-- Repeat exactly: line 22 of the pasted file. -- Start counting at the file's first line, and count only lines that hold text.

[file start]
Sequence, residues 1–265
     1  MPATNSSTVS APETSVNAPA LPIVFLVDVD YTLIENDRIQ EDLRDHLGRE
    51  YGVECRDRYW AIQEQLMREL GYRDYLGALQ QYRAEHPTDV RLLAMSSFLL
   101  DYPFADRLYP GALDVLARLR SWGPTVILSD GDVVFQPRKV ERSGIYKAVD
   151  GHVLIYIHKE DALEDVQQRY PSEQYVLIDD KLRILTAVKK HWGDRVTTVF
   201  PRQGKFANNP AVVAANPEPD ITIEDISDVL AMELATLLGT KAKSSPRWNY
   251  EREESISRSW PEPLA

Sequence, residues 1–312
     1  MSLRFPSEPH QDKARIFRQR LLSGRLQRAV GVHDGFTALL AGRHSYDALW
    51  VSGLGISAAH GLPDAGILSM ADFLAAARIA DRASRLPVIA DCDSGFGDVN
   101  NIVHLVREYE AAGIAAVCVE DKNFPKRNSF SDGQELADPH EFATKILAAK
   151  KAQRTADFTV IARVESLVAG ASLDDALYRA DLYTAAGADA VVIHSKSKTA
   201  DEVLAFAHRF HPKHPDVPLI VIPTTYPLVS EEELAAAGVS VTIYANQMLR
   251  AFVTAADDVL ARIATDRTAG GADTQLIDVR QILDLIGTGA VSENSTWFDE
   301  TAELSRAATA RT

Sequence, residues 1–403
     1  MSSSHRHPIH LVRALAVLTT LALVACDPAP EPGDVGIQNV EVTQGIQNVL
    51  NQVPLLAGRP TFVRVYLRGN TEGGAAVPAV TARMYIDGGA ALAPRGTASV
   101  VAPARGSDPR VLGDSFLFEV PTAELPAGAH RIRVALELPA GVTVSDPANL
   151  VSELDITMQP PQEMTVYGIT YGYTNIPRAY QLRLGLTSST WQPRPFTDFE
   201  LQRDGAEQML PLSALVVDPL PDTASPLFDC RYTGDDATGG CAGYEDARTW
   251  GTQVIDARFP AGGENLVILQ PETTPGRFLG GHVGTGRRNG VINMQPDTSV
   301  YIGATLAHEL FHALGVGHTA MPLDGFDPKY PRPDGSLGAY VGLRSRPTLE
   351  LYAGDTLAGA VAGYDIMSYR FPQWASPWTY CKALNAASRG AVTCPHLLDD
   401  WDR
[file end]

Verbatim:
   251  GTQVIDARFP AGGENLVILQ PETTPGRFLG GHVGTGRRNG VINMQPDTSV